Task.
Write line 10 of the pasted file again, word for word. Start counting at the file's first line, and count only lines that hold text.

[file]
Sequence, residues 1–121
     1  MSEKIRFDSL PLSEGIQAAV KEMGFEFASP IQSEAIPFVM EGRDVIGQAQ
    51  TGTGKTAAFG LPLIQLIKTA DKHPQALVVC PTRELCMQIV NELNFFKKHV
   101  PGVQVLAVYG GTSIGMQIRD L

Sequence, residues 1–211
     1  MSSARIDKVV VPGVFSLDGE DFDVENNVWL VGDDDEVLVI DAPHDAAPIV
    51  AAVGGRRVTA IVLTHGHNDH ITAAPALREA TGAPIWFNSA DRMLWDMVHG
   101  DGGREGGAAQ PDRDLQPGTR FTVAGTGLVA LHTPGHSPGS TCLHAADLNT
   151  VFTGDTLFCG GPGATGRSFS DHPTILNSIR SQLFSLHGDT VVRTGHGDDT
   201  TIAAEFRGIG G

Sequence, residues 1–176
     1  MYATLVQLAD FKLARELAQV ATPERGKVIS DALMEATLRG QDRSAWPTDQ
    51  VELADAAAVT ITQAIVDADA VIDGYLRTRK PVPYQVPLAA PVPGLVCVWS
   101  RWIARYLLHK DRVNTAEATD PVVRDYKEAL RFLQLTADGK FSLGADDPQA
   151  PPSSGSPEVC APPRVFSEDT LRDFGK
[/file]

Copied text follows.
   201  TIAAEFRGIG G